Whether you’re already knee-deep into revising the contents, structure, flow and design of your small business website, or you’re just contemplating reworking the site, you’re undoubtedly hoping for a smooth and simple process. Perhaps you have “low drama” people on your team; perhaps you’ve already found copywriters and other vendors to handle parts of the process, and you’re pleased by the preliminary conversations you’ve had so far.

But what happens when things start to get hairy? What happens when incoherent copy comes back or a shabby logo design hits your desk, leaving you sighing and frustrated? When and how should you offer constructive criticism? When should you “pull the plug” on a relationship with a vendor (or someone in house) and find a new person or team to assist?

These are prickly questions, and the answers could have profound ramifications not just for your website’s look and feel but also how your company functions in the months and years ahead. It’s easy to go wrong in both directions. For instance, you could be too lax and too forgiving with a vendor and wind up with a product that doesn’t look good… or things could “come to a head” and explode into a fight once you eventually, begrudgingly acknowledge that the work is substandard. On other hand, if you are too quick to fire or to give criticism, you could lose good people and also set your project back for no good reason.

Obviously, the clearer you are about the purpose of the design and the copy — and about the principles by which you want to govern the process — the better. As they say in sports, the best defense is a good offense: by doing proactive work upfront and getting everyone in line with your vision, you won’t have to criticize and cajole as much.

That said, here are some other general strategies to help you keep things on track:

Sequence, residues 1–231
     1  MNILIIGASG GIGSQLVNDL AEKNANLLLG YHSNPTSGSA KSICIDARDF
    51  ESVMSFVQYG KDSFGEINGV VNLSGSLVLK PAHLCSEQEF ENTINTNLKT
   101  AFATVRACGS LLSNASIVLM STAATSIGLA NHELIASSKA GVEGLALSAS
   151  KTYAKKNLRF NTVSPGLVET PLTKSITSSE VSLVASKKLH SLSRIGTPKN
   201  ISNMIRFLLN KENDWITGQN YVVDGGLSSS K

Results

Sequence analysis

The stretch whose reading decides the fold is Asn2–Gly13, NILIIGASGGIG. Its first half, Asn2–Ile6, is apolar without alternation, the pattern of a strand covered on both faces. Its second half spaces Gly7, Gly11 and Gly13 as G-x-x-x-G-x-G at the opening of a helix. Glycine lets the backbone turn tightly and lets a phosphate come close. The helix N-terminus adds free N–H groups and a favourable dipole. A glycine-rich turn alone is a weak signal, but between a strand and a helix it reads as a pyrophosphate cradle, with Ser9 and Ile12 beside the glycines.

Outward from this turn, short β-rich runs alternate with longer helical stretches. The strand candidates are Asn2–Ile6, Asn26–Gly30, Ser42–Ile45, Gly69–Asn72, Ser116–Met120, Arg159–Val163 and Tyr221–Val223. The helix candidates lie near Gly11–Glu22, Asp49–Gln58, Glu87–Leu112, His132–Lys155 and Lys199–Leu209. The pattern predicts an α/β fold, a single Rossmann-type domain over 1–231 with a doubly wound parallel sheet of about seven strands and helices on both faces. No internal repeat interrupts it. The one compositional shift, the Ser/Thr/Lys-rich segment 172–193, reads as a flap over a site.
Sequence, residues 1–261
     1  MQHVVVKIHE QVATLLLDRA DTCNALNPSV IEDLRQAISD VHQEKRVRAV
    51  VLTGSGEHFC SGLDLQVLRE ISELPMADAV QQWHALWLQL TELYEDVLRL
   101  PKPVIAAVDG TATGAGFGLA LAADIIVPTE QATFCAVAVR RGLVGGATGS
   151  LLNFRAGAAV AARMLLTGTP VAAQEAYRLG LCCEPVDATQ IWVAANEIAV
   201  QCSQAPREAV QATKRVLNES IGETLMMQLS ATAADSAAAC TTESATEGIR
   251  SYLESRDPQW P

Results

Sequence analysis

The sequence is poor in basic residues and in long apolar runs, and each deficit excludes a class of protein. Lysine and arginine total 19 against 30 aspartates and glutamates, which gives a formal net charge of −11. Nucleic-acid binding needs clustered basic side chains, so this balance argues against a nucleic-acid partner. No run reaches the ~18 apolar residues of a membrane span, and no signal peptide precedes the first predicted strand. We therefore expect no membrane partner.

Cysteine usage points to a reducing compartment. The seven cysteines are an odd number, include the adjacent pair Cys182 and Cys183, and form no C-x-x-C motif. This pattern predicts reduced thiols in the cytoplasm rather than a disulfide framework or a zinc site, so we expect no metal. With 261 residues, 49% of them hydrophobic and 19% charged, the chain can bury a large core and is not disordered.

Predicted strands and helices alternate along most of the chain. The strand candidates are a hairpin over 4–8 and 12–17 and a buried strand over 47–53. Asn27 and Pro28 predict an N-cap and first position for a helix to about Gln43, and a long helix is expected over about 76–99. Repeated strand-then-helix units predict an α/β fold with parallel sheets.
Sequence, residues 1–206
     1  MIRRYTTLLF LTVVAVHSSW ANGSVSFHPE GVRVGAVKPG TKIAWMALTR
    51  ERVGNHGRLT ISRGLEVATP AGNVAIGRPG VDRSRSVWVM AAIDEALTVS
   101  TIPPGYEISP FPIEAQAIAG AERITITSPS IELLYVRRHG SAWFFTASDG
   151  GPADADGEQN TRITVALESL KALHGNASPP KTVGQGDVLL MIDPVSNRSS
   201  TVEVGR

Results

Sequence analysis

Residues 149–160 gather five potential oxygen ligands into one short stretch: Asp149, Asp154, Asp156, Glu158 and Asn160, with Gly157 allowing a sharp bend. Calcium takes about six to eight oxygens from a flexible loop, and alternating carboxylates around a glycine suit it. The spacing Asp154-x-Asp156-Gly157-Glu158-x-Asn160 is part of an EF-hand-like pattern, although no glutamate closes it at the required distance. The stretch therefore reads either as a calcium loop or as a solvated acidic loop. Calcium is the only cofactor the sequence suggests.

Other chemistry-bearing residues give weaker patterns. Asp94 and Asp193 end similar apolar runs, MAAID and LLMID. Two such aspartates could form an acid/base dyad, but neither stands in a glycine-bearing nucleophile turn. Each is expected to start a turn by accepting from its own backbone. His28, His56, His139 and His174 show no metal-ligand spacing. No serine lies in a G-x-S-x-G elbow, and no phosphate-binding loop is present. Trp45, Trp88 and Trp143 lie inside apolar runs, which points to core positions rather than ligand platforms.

• The sooner you feel that “spidey sense” that the process is slipping off of the rails, the sooner you should speak up. If the copy is coming back with typos, or if the initial design sketches just seem “bleah” and/or inappropriate, don’t wait until third round of revisions to say anything. It’s easier to course correct when you have three or four weeks before a deadline than it is to ask people to pull all nighters.
  • Offer up a “praise, criticism, praise sandwich.” Here’s the basic idea. First, say something that you like about the work that’s been done (or about the person who is doing the work). Next, state the criticism. Finally, finish by saying something else that you like about the person or the project. This practice will make people more receptive to what you have to say.
  • Be specific and concrete. Rather than make it personal, say exactly what you didn’t like and exactly how you would like things to be different. Leave ego out of it, and make it about the work, not about the folks involved.
  • When things go wrong, build systems to prevent problems from recurring. For instance, say that your current design guy just keeps screwing up. Rather than blaming the design guy alone, think about how your company can revise its hiring or training systems, so that after you fire your current design person, you won’t accidentally hire or train another bum steer.

To maximize the effectiveness and beauty of your site, call the experienced team here at Connective Web Design for a free and thorough site evaluation as we’re the top Los Angeles Web Development Company.